Demise of America–Tennis Edition (concluded)

I expect when I go the U.S. Open in a few days the experience will be similar to previous visits: I will get lost coming out of the parking lot and I will wonder where we are going to find dinner in Queens. But one thing will have changed since we first started going to this tennis tournament—the role of the ball people. Each tennis match has six ball people: two stationed behind each base line and two at the net. Their basic job is to scoop up the loose balls when not in play and get them to end of the court where the server is.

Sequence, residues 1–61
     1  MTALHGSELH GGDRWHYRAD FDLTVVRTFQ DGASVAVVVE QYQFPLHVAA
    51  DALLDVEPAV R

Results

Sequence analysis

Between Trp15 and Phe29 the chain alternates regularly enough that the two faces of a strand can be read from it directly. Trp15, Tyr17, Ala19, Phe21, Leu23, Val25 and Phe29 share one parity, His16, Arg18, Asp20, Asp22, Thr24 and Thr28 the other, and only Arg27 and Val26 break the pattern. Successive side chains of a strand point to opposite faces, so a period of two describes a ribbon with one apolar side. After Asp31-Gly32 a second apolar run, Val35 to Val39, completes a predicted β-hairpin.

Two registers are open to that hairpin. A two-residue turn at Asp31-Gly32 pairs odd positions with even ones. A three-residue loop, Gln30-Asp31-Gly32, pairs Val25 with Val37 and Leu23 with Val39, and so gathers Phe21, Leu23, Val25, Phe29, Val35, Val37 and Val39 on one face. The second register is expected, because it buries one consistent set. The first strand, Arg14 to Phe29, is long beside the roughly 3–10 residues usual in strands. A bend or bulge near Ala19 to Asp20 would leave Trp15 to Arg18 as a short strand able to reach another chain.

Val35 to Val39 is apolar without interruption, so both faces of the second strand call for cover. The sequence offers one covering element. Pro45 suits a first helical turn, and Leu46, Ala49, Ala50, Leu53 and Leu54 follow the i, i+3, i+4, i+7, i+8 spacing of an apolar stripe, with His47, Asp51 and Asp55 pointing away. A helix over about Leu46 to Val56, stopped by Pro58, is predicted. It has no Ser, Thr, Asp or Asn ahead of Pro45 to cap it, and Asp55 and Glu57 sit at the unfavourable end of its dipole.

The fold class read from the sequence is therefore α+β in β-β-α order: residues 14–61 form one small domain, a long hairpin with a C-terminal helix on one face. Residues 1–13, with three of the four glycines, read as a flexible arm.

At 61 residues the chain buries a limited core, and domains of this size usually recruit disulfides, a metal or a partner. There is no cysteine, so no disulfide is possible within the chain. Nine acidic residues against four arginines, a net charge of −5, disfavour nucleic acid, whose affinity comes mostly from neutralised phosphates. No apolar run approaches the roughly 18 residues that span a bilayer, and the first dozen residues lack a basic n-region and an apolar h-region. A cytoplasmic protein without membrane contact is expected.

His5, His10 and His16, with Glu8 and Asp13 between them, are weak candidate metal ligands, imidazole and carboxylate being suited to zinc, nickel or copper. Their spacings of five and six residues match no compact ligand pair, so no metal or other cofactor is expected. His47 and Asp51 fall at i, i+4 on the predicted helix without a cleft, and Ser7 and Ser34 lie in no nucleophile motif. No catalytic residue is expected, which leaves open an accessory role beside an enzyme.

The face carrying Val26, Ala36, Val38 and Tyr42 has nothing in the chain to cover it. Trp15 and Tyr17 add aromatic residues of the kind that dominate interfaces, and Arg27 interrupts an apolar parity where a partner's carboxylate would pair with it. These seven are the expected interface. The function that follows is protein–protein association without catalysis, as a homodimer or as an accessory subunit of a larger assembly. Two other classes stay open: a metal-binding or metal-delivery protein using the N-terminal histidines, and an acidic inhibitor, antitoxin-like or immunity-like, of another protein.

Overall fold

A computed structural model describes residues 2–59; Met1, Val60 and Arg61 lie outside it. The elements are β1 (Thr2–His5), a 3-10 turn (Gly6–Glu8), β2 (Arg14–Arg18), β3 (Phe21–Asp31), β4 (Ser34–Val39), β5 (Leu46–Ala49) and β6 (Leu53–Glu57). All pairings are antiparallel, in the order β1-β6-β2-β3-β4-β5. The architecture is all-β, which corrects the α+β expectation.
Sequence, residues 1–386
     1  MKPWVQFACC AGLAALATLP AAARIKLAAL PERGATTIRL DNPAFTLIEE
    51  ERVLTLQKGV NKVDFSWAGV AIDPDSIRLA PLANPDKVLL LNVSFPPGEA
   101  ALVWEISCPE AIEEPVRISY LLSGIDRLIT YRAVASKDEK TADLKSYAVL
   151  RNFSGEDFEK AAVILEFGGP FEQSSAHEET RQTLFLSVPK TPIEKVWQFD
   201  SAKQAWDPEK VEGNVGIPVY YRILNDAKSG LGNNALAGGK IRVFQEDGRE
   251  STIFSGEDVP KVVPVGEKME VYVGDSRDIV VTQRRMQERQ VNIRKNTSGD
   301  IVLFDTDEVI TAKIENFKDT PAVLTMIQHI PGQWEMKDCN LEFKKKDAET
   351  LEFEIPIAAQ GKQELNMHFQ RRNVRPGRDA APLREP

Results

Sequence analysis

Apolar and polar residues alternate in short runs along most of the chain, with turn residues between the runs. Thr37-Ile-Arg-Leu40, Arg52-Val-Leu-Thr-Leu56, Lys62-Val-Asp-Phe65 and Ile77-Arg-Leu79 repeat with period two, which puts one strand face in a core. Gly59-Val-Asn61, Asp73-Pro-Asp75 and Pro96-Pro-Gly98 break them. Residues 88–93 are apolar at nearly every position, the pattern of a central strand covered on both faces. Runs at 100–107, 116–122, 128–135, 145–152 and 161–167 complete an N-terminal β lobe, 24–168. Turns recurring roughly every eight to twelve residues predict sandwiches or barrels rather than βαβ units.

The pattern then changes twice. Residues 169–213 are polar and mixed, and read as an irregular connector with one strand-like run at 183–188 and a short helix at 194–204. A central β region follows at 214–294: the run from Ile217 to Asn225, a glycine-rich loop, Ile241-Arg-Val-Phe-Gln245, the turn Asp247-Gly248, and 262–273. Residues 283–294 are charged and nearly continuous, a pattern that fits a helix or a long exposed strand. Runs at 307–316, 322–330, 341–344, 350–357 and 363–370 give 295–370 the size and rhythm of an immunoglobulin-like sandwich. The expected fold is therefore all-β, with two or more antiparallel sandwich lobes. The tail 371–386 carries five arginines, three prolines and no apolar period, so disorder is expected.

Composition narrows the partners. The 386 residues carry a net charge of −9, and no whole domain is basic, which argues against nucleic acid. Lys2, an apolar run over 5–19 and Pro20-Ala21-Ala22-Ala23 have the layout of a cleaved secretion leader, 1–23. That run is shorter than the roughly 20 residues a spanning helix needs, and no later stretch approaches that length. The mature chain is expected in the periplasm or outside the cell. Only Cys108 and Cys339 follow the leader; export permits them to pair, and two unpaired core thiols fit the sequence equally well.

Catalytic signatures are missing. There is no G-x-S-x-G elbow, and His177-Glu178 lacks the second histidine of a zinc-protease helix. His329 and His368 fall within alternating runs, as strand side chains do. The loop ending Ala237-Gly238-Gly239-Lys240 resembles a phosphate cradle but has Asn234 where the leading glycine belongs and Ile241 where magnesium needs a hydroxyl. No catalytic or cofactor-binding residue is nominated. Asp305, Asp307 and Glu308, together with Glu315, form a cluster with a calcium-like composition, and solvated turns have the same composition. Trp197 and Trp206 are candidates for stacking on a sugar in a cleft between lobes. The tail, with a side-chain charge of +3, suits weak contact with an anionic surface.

When I started watching tennis, the American ball kids threw the balls. Those at the net only had to toss them from mid-court to the back wall, but those behind the baselines threw the entire length of the playing surface. To be a ball person, one had to be able to throw the ball, and I thought that was right because, in my opinion, real American athletes should be able to throw. In contrast, ball people at tournaments in other countries rolled the ball as if they were involved in some sort of kiddy bowling game. The ball kids beyond the baselines would bend down and roll the balls to the net boys and girls, who would then collect them and turn and roll them to the kids who were going to supply the servers. Of course, I thought, those Italian, French, English, and even Australian people had to do this because they could not throw. That thought made me proud to be an American where we can do so many things.